No folks, I am staying away from Cam Newton. I love athletic running QBs, and I am staying away from Cam. Stolen laptops? Cheating on tests? On the verge of getting kicked out of Florida? Bumping down to the CC level? Asking for payola on his return? Just one year of productivity on the major college level? This doesn’t sound like the sort of moral fiber that withstands massive wind-fall profits.

Some have compared Cam Newton to JaMarcus Russell. Dan Fouts did this recently on the Dan Patrick show. Is that supposed to inspire confidence in anyone?

Others have compared Cam to Vince Young. I think that is more apt, but do understand that Vince Young’s career is on the bubble right now. He lacks mental toughness, the ability to deal with adversity, and work through issues with his coach. To be precise, he can’t take it when people boo him. Again, this isn’t good confidence material.

Finally, many have compared Cam to Tim Tebow for a lot of reasons. Understand this: TD Tim had four squeaky clean years of high productivity at Florida before graduating as a senior. He was beloved by all, and criticized by no one. In terms of actual production, Cam is a one-year wonder more comparable to Ryan Leaf than Tim Tebow.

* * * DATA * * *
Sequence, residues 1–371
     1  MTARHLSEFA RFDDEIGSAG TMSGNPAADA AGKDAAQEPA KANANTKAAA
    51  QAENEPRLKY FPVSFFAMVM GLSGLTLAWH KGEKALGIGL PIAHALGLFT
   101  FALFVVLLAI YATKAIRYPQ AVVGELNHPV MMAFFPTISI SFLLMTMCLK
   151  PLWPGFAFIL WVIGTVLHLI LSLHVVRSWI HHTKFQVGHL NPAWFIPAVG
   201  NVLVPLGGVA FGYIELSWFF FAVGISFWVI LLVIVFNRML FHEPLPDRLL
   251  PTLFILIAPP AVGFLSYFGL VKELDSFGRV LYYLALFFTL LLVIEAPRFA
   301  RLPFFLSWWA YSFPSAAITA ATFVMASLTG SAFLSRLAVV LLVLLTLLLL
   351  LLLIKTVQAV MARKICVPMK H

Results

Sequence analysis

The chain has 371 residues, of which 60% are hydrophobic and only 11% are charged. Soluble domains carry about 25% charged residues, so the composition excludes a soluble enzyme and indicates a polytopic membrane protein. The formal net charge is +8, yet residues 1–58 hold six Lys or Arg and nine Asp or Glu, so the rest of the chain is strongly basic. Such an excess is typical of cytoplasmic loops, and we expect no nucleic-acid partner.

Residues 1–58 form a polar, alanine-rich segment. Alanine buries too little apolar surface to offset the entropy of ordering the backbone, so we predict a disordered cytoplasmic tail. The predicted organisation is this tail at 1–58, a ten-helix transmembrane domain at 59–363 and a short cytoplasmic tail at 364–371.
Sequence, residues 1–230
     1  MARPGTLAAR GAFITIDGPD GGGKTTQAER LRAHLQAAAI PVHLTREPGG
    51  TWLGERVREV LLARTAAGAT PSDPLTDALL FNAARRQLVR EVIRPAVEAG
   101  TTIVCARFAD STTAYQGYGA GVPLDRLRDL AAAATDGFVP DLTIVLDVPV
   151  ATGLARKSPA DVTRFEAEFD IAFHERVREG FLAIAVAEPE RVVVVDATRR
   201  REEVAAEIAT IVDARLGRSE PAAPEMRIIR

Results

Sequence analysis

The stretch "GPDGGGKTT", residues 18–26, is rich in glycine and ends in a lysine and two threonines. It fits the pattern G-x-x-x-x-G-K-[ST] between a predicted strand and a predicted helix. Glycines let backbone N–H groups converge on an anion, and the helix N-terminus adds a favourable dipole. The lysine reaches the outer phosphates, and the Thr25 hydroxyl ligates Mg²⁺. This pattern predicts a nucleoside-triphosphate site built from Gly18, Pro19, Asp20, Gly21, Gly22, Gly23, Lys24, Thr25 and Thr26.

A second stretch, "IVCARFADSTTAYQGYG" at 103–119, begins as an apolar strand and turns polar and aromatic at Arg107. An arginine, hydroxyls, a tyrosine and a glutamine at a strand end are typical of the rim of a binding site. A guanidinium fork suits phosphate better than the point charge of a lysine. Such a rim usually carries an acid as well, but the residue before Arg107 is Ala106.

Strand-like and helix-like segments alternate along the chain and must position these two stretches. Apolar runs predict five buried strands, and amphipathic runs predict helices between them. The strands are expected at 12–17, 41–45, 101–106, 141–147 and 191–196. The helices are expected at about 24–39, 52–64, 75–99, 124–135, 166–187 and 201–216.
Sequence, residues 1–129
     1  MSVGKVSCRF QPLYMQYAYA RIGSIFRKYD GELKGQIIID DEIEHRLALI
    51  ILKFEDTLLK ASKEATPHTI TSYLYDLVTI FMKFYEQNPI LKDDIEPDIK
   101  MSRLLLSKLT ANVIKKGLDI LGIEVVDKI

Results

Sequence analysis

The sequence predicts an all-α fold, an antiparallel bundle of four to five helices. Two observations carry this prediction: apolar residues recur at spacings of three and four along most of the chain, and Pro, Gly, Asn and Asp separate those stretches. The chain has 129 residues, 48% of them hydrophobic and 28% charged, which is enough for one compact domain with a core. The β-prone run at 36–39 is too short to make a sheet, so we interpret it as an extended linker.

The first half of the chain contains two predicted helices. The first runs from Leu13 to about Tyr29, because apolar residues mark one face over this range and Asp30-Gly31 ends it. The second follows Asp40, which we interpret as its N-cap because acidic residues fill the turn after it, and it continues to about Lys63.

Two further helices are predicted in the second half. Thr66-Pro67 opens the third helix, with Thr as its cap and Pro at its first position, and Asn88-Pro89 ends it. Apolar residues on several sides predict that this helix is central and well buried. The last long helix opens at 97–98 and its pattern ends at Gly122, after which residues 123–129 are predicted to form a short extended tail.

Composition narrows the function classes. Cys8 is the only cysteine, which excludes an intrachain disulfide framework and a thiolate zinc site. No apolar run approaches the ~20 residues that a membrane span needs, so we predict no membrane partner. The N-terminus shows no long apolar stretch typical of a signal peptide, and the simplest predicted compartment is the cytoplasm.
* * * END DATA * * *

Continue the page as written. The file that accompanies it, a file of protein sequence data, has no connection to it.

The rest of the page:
If I am in the market for a quarterback, and boy I’m sure glad we aren’t, I am looking in another direction.

A little retrospective

How good does the Bradford pick look today? Not only are our Rams set with a solid franchise QB, but we are set to enjoy a free pass in 2011. How good is that? I think it is just fucking fantastic that no one expects us to participate in the QB debate this year. We can now enjoy our right to completely ignore the entire Andrew Luck & Cam Newton controversy. Everybody will understand completely.

If we had avoided a QB entirely in 2010, something I knew we would not do, there would be tremendous political pressure on the Rams to select either Andrew Luck or Cam Newton (should they be available). Certainly we would not be 6-6 and in the NFC West hunt this year. We would have another high pick more pressure than ever to select a QB.

Now we don’t have the slightest worry in the world about that. All is well. Devaney’s call is looking better and better every day.